The music is an excellent feature (one of several) of the game. Numerous tracks are top notch and most are at least enjoyably above average. There is no voice acting. Instead, the characters speak through ye olde speech bubbles. This works well, and is helped by the fantastic translation (by Alexander Smith) which transforms the script into a more archaic form of English. It’s perfectly understandable and has a dash of Shakespearian eloquence which helps immerse the player in the world of Lea Monde. More than that, the game also features a little sprinkling of French, German and Latin which works nicely.

Combat is almost flawless. Excepting the very first few fights, Ashley can execute combo attacks if the player is good enough at timing. But, the more combos the enemy is struck with the higher the Risk gauge rises. Higher Risk lowers the chances of hitting the enemy and increases the damage Ashley takes, introducing an element of strategy to combat.

In addition to this, weapons are highly varied according to material, range and damage type. Materially there are half a dozen different options, from wood to silver. The player has access to a number of workshops in the game, and in these weapons can be combined to create new means of killing enemies. Range can be anything from very, very short to pretty huge (crossbows were always good for killing bats). Players have access to staves, swords, axes, maces, spears and crossbows. Damage type is another intriguing variable which hasn’t been replicated much in subsequent games, I think. Weapons can cause piercing, slashing/slicing and crushing damage. Some enemies are vulnerable to one particular type or resistant to another.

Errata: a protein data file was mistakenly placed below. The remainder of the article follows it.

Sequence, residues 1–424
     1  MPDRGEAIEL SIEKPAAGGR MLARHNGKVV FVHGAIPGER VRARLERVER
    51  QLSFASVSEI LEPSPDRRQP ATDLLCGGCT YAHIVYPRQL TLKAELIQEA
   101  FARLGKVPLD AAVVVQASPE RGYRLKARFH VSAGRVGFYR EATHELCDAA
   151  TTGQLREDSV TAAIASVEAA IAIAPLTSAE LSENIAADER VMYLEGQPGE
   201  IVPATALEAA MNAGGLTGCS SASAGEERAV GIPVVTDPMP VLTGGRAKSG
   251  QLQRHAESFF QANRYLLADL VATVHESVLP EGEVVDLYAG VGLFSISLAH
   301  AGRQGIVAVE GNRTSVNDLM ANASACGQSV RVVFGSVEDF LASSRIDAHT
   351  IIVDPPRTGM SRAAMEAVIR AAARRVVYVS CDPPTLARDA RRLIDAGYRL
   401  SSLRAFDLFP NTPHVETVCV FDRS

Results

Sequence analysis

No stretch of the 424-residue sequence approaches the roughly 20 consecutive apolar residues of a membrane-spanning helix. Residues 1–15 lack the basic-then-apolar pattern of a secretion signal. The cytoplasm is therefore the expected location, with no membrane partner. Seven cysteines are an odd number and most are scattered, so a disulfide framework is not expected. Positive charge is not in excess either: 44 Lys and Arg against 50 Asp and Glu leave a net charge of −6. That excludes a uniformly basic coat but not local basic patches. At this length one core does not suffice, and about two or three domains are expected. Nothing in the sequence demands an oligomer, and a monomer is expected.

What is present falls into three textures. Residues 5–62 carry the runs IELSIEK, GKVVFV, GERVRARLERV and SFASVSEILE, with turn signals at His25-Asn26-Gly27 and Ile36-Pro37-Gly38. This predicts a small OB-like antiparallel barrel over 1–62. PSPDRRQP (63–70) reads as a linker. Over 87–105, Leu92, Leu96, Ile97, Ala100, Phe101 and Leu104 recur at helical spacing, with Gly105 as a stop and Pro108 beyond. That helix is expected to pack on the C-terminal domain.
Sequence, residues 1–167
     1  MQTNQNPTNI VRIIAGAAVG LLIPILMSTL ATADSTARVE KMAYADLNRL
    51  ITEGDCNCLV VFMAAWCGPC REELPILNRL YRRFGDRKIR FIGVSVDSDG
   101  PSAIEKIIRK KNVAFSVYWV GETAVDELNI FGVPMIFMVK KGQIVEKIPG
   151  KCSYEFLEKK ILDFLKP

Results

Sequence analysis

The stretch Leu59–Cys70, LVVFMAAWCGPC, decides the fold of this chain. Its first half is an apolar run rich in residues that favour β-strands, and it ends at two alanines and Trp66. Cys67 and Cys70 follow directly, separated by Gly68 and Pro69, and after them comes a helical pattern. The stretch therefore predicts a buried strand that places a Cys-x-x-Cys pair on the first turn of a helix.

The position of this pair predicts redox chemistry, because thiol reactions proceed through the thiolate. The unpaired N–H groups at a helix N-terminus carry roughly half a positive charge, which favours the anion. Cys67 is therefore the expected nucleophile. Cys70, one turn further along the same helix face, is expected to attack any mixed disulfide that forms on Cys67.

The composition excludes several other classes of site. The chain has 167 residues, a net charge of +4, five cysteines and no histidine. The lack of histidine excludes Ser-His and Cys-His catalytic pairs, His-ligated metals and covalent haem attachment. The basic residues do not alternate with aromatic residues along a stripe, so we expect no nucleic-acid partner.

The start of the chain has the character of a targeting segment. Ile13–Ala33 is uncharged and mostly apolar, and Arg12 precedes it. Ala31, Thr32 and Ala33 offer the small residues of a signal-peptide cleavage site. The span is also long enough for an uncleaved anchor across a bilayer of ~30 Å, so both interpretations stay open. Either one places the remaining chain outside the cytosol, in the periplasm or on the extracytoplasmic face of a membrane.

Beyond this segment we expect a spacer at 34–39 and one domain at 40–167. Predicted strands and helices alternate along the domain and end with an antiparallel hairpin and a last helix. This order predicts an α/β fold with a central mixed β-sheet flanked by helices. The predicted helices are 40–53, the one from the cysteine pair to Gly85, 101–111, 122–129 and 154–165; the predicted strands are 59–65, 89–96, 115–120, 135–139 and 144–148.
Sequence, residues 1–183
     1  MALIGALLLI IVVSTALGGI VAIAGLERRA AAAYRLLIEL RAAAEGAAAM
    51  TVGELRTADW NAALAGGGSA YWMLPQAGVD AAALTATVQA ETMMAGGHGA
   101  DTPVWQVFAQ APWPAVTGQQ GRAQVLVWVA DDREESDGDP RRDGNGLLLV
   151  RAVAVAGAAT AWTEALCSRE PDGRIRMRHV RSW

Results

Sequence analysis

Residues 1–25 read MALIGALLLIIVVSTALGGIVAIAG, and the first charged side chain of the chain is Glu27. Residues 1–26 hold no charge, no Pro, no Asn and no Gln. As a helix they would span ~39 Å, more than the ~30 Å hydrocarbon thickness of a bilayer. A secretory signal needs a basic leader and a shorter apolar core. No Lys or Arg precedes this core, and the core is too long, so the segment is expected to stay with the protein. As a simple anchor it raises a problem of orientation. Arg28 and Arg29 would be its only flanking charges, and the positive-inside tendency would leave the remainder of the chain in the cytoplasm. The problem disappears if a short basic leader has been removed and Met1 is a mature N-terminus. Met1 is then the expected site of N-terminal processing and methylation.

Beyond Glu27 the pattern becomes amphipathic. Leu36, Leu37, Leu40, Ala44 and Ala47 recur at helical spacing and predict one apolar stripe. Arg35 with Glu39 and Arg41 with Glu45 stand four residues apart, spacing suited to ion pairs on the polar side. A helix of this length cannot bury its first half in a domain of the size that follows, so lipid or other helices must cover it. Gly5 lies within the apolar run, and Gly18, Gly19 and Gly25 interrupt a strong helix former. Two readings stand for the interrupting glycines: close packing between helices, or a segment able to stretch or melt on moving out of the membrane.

There’s a wide range of enemy archetypes. Many are stereotypical (zombies, bats) but even some of those are excellent (the massive dragons were always fun to kill). There are some slightly creepier and more original foes, such as child-like ghosts or a gigantic iron crab.

Ashley can also learn magic. By acquiring grimoires and using them once he is taught how to perform a certain spell. Elemental resistance/attacks can be very useful in certain fights.

Graphically, the game is clearly dated, but this does not detract from it materially. The only area it slightly annoyed me was in the Snowfly Forest, where the screen is somewhat cluttered and seeing enemies can be tricky. Generally, Lea Monde is enormous, well-designed and fun to play through.

One feature I loved at the time was the award of titles (the ancestor of trophies) for certain deeds. Killing a massive enemy, slaying a certain number of foes with a given weapon or suchlike would yield a title. Vagrant Story also includes a New Game Plus feature, as after the game ends Ashley acquires a key needed to unlock certain doors that cannot be opened in an initial playthrough.

For those wanting a look at it in action, I recommend the excellent review by MetalJesusRocks on Youtube:

So, what score would I give it? 9.5/10. It’s not quite perfect, it’s merely trouser-explodingly fantastic.